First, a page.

Watch the Spectacular Hieronymus Bosch Parade, Which Floats Through the Garden of Earthly Delights Painter’s Hometown Every Year

Whether paint­ing scenes of par­adise, damna­tion, or some­where in between, Hierony­mus Bosch real­ized elab­o­rate­ly grotesque visions that fas­ci­nate us more than 500 years lat­er. But no mat­ter how long we gaze upon his work, espe­cial­ly his large-for­mat altar­piece trip­tychs, most of us would­n’t want to spend our lives in his world. But a group of ded­i­cat­ed Bosch fans has made it pos­si­ble to live in it for three days a year, when the annu­al Bosch Parade floats down the Dom­mel Riv­er. Last year that small water­way host­ed “a sto­ry in motion, pre­sent­ed on 14 sep­a­rate tableaux. They shape a uni­ver­sal tale of pow­er and coun­ter­force, bat­tle and rap­proche­ment, chaos and hope. From the chaos after the bat­tle a new order shall emerge.”

All images © Bosch Parade, Ben Niehuis

In prac­ti­cal terms, writes Colos­sal’s Grace Ebert, that meant “a musi­cal per­for­mance played on a par­tial­ly sub­merged piano and a scene with two peo­ple strad­dling enor­mous horns,” as well as a dozen oth­er water-based vignettes that passed through the Dutch town of ‘s‑Hertogenbosch, Bosch’s birth­place and lat­er his name­sake.

Every­thing that rolled down the Dom­mel was designed by a group of artists select­ed, accord­ing to the parade’s web site, “on the basis of their com­ple­men­tary char­ac­ter­is­tics, the var­i­ous dis­ci­plines they rep­re­sent and their clear match with the Bosch Parade artis­tic ‘DNA’ in the way they work and per­form.” As you can see in the 2019 Bosch Parade’s pro­gram, the artists’ cre­ations draw on 15th-cen­tu­ry con­cep­tions of life, art, tech­nol­o­gy, and the human body while also tak­ing place unmis­tak­ably in the 21st.

Though Bosch’s paint­ings look alive even in their motion­less­ness, to appre­ci­ate a parade requires see­ing it in action. Hence the videos here of the 2015 Bosch Parade: at the top of the post is a short teas­er; just above is a longer com­pi­la­tion of some of the even­t’s most Boschi­an moments, which puts the painter’s images side-by-side with the floats they inspired. View­ers will rec­og­nize ele­ments of The Gar­den of Earth­ly Delights, Bosch’s sin­gle best-known work, but also of The Hay­wain Trip­tych, The Sev­en Dead­ly Sins and the Four Last Things, and The Temp­ta­tions of St. Antho­ny. As art his­to­ry buffs know, some of those paint­ings may or may not have been paint­ed by Bosch him­self, but by one of his fol­low­ers or con­tem­po­rary imi­ta­tors.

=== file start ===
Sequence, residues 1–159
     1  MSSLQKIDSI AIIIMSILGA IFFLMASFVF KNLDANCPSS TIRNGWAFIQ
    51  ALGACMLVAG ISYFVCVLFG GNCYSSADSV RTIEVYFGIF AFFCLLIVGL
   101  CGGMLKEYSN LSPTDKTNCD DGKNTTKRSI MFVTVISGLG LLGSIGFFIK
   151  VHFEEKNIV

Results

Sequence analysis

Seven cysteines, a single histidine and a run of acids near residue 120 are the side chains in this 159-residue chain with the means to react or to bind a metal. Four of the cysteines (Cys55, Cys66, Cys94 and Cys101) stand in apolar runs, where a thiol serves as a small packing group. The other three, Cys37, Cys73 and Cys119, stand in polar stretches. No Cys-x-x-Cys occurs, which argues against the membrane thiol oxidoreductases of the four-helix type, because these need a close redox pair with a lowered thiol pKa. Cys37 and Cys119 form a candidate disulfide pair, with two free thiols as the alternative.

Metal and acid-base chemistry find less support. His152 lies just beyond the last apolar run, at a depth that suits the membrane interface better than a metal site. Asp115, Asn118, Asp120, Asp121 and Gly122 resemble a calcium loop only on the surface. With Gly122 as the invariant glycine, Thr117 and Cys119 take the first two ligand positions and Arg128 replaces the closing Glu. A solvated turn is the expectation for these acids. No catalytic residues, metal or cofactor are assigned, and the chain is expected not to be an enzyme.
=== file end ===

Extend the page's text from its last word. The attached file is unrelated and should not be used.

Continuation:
But to the extent that all these images can inspire mod­ern-day painters, sculp­tors, musi­cians, dancers, and spec­ta­cle-mak­ers, they enrich the Boschi­an real­i­ty — a real­i­ty of water and fire, bod­ies and body parts, men and mon­sters, con­trap­tions and pro­jec­tions, and even video games and the inter­net — that comes to life every sum­mer in ‘s‑Hertogenbosch. Or rather, most every sum­mer: the next Bosch Parade is sched­uled not for June of this year but June of 2021. But when that time comes around around it will last for four days, from the 17th through the 20th. That infor­ma­tion comes from the parade’s Twit­ter account, which in the run-up to the event will pre­sum­ably also post answers to all the most impor­tant ques­tions — such as whether next year will fea­ture any live but­tock music.

via Colos­sal

Relat­ed Con­tent:

Hierony­mus Bosch Fig­urines: Col­lect Sur­re­al Char­ac­ters from Bosch’s Paint­ings & Put Them on Your Book­shelf

Pho­tog­ra­ph­er Cre­ates Stun­ning Real­is­tic Por­traits That Recre­ate Sur­re­al Scenes from Hierony­mus Bosch Paint­ings

Take a Vir­tu­al Tour of Hierony­mus Bosch’s Bewil­der­ing Mas­ter­piece The Gar­den of Earth­ly Delights

Take a Mul­ti­me­dia Tour of the But­tock Song in Hierony­mus Bosch’s Paint­ing The Gar­den of Earth­ly Delights

Liv­ing Paint­ings: 13 Car­avag­gio Works of Art Per­formed by Real-Life Actors

Flash­mob Recre­ates Rembrandt’s The Night Watch in a Dutch Shop­ping Mall

Based in Seoul, Col­in Mar­shall writes and broad­casts on cities, lan­guage, and cul­ture. His projects include the book The State­less City: a Walk through 21st-Cen­tu­ry Los Ange­les and the video series The City in Cin­e­ma. Fol­low him on Twit­ter at @colinmarshall or on Face­book.

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